View I: The arbitration agreement is not enforceable

It could be argued that these hybrid or split arbitration agreements are pathological clauses as, at the time of signing the arbitration agreement, it gave the option to either party or a sole party to, “in its discretion”, trigger the arbitration agreement or pursue litigation. Thus, since the words used in the arbitration agreement are “The Lender (either party) may”, it does not reflect the absolute intention of the parties to adjudicate disputes by way of arbitration alone, especially at the time of signing the arbitration agreement.

Thus, the principle of interpretation in good faith could be applied, i.e. the parties' intention at the time of signing the agreement, to state that the absolute intention of the parties was not to solely arbitrate. Reliance to that effect may be placed on the interpretation of the Supreme Court to arbitration agreements where the word “may” used in the arbitration agreements was interpreted to mean that the agreement was not enforceable as it presupposed a subsequent agreement in future. It may be worthy to mention that this interpretation of the Supreme Court did not relate to hybrid or split arbitration agreements.

That apart, it could be argued that besides lacking the basic ingredient of mutuality, on account of the arbitration agreement being uncertain, as it causes hopeless confusion by giving an option to the parties to either pursue litigation or arbitration, the arbitration agreement is not enforceable.

As a consequence of the above, it is open to argue that in case of doubt, the principle of contra proferentem applies and the arbitration agreement cannot be given meaning to or be made enforceable.

This is also the position taken by the courts in France, which have not enforced such an arbitration agreement. In view of such a position of law, the parties are and could be relegated to adjudication of disputes by civil courts alone.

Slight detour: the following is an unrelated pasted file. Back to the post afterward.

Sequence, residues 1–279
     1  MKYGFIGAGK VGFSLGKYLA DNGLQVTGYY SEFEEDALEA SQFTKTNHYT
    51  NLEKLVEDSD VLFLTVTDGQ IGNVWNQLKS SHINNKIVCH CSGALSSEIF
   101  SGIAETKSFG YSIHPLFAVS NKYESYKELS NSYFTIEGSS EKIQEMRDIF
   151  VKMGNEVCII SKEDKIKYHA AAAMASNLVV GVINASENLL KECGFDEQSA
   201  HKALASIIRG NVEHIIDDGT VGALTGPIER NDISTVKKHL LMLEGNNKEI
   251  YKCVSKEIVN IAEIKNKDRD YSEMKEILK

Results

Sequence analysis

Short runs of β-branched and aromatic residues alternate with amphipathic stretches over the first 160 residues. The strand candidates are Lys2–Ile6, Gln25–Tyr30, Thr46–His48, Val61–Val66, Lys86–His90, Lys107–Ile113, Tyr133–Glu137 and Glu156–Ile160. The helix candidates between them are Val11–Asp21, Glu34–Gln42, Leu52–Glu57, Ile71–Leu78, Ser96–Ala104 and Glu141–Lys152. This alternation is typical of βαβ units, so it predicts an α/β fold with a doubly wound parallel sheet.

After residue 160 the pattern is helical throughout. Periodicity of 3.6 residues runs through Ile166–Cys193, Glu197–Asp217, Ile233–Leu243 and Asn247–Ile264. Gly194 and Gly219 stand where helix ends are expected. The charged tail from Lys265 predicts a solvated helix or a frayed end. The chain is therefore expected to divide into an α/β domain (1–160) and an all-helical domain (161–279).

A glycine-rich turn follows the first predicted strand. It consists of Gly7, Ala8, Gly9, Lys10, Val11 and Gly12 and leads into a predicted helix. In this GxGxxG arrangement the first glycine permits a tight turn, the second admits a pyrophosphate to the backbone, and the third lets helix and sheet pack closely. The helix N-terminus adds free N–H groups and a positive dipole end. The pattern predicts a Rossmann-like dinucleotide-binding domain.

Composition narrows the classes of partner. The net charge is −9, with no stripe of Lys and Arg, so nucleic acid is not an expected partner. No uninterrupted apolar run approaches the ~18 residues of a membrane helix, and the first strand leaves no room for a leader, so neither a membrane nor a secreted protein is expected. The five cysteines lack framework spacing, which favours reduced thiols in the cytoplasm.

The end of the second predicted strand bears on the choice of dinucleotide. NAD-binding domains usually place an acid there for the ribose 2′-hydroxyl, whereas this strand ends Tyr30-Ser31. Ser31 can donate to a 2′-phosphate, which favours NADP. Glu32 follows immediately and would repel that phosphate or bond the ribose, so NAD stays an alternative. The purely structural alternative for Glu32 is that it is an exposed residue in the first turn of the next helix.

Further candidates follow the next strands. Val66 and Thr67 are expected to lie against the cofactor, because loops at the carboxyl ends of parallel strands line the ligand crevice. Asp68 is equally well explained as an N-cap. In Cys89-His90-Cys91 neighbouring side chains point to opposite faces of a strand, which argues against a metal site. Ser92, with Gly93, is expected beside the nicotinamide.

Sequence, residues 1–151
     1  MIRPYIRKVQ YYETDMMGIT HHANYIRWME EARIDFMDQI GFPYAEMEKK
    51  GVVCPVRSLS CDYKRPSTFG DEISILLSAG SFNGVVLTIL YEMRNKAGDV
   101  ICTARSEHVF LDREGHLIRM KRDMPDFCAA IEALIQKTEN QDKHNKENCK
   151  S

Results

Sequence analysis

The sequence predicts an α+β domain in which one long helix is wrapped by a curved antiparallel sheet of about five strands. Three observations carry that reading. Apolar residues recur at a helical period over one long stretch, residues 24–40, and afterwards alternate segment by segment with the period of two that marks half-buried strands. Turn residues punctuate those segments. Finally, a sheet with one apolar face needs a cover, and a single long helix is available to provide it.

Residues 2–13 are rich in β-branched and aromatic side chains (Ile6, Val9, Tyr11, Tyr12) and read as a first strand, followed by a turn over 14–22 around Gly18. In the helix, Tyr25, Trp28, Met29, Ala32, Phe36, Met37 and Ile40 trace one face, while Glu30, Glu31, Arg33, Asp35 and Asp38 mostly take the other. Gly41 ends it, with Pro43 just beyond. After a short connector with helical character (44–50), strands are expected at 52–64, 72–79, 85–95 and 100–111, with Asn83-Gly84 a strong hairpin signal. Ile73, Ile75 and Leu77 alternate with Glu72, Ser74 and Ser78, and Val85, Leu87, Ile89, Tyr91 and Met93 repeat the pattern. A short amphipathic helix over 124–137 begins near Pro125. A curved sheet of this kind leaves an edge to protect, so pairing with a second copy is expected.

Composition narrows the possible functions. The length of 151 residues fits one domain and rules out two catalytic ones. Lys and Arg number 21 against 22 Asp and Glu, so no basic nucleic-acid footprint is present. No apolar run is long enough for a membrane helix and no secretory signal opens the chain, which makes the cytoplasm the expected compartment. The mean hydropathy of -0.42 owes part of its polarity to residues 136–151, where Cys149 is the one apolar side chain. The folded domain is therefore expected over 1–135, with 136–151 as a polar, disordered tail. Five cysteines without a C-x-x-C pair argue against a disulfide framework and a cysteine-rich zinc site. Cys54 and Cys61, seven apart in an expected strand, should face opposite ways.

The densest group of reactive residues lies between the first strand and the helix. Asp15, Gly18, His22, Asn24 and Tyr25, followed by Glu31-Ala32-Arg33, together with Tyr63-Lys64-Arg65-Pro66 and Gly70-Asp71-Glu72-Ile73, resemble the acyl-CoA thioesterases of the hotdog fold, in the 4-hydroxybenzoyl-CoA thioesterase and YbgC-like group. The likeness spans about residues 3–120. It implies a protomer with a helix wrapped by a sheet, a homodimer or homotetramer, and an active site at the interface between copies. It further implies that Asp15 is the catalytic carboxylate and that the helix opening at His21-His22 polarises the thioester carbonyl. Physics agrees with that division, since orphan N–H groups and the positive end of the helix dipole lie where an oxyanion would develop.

View II: Such an arbitration agreement is valid and enforceable

The principle of interpretation in good faith states that the intention of the parties at the time of execution of the agreement ought to be seen. The test is whether the parties desired that their disputes, if at all, were to be addressed by an arbitral tribunal or by a civil court. Applying the principles, it may be argued that the borrower, in the case of a sole option hybrid arbitration agreement, essentially agreed to reference of disputes to arbitration and hence, on the lender exercising its option under the arbitration agreement, the parties ought to be relegated to arbitration. It could thus be said that the exercise of the option is only an administrative act and does not affect the validity of the arbitration agreement itself.

It may be argued that the use of the words “shall” be referred to arbitration is also significant, as it shows that the intention of the parties was to arbitrate. Thus, it could be argued that if only the intention of the parties is seen, there is absolutely no ambiguity that the parties are to adjudicate their disputes through arbitration. The intention of the parties obviously ought to assume primacy.

As far as the issue of confusion between litigation and/or arbitration is concerned, it could be argued that once the lender (in case of a sole option hybrid arbitration agreement) or the parties (in case of a mutual option hybrid arbitration agreement) exercise the option of adjudication of disputes by arbitration, there would exist no confusion whatsoever.